Seeking George Washington

I seek our first commander in chief, the wise general who understood both battle and peace.  I seek George Washington as the lord of the ancestral spirits of this land.  In this search I journey to the Otherworld.  May my allies ward and lead me…

I begin from where I am, and pass out of the house and down the street to the corner park.  I see there an opening in the bushes, a shadowed tunnel, and pass within.

Now, where was I?  Oh yes, going down the passage, swiftly through the tunnel of trees until I reach Midgard within and the central axis of the Tree.  I may not fare to Hel alone, so I seek across the plain for the howe of the ancestors…  I stand before it and call—

“George Washington, father of our country, on Veteran’s day I call you in the name of the soldiers you led and all the soldiers who have been ordered by their Comander-in-chief into war.

From the howe of the ancestors I call you, that you may come from whatever realm of the Otherworld you now dwell.  Will you hear me?  Will the door open, or the veil thin?”

The side of the howe becomes transparent.  Through it I can see Mt. Vernon, with the noble pillars of the house and the sloping green lawns.  Trees are leafless, or growing so.  A damp wind rustles falling leaves.  Nearby are the endless lines of white crosses at Arlington cemetery. In this place I can see both at once, and a tall man who stands on his hill and looks down on them.

I say:  “Many of us fear for our country.  Will you advise us?  Will you lead the others to help? As a citizen I am  your spiritual descendent.Do you have any words for me?”

He continues to look at the cemetery.

“So many dead… some in  youth, some in age, some well, some pointlessly, from disease or accident.  Some returned to live their lives as heroes.  For some, their service was the only heroic thing they ever did.  Living in peace can be harder.  In war, the dangers and objectives are usually clearer.  Danger makes men stand together.  It is in peace that they begin to fight over the spoils  You who have not seen war on your own soil do not know war.  You send your soldiers off to a foreign land, and do not have to live with the consequences of their actions.  You are neither truly at war nor truly at peace.

“The country can only prosper when there is a balance of powers.  You need opposing forces in equilibrium.  The liberals can be as dangerous as the conservatives.  Each man needs the basic means of life. Fight for the laws that will protect their rights to take care of themselves.    A healthy society requires men to respect each other., not to impose their ideas on each other.  That is what we fought for.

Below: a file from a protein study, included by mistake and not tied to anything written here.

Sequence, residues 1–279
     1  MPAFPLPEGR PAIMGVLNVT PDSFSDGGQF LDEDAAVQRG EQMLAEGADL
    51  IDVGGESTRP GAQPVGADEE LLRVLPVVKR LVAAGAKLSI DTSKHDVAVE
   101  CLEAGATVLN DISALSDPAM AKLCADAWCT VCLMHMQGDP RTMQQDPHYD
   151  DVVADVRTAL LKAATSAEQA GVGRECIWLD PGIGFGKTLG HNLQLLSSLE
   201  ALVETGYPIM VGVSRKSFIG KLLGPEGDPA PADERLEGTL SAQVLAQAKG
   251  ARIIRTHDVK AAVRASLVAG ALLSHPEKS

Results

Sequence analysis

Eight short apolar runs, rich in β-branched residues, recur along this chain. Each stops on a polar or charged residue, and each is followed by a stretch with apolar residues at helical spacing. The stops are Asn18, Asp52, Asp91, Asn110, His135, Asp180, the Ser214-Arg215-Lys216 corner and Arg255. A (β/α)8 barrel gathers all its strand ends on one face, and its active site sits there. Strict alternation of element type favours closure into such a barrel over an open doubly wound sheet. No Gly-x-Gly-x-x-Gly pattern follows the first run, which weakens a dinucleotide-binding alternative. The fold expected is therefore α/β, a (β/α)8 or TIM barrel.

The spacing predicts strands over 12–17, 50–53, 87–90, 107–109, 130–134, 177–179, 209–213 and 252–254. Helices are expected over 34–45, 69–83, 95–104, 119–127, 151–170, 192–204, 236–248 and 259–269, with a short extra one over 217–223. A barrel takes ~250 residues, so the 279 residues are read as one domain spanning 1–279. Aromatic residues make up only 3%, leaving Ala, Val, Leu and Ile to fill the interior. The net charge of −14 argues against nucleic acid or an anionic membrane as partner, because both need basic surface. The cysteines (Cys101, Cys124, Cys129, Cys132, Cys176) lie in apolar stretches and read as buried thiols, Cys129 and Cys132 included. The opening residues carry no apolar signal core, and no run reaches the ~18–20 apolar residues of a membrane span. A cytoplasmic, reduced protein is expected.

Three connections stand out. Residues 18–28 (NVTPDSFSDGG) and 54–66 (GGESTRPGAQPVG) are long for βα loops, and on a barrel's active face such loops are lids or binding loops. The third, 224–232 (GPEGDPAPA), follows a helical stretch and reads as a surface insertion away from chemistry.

“You must be practical—men are motivated by self-interest as much as by idealism—too much idealism can make fanatics.  You must show them how the basic principles protect them.  If they seek safety, lead them gently to consider a longer term

“Gentle reason will often do more than violent protest.  Persuade.  Portray the situation you want, seduce with that bright image, and build into it respect and freedom.  Find a direction and lead, don’t drive.  Remind men of our strengths.  Whatever is good, find and reinforce that  Support the positive parts of the agenda and wean them away from the negative areas.  You will get father by appealing to intelligent self-interest than  with anger and accusations.  We wrought well in the basic laws.  Cite them, stand on them.  But in order to win elections, your candidates must have hope and a firm direction.  People will not vote for a negative.  Praise what is good in the land and seek to extend it.

“I thought I could retire when I left office, but I am still here, still watching over you.  I am bound to this land and this land to me.  When you call I will hear.”

“What offerings would you like? How may we honor you?”

“I drank many French wines, but I have always had an affection for a good glass of beer.  Or a little whisky.  And for a feast, those foods I was unable to eat after my teeth went bad.  A noble roast of beef, perhaps. A planter’s punch is also a fine thing on a cold night.”

I curtsey and turn, the howe grows opaque behind me.  I seek the Tree, and from it the path upward, returning to the park and then to this room.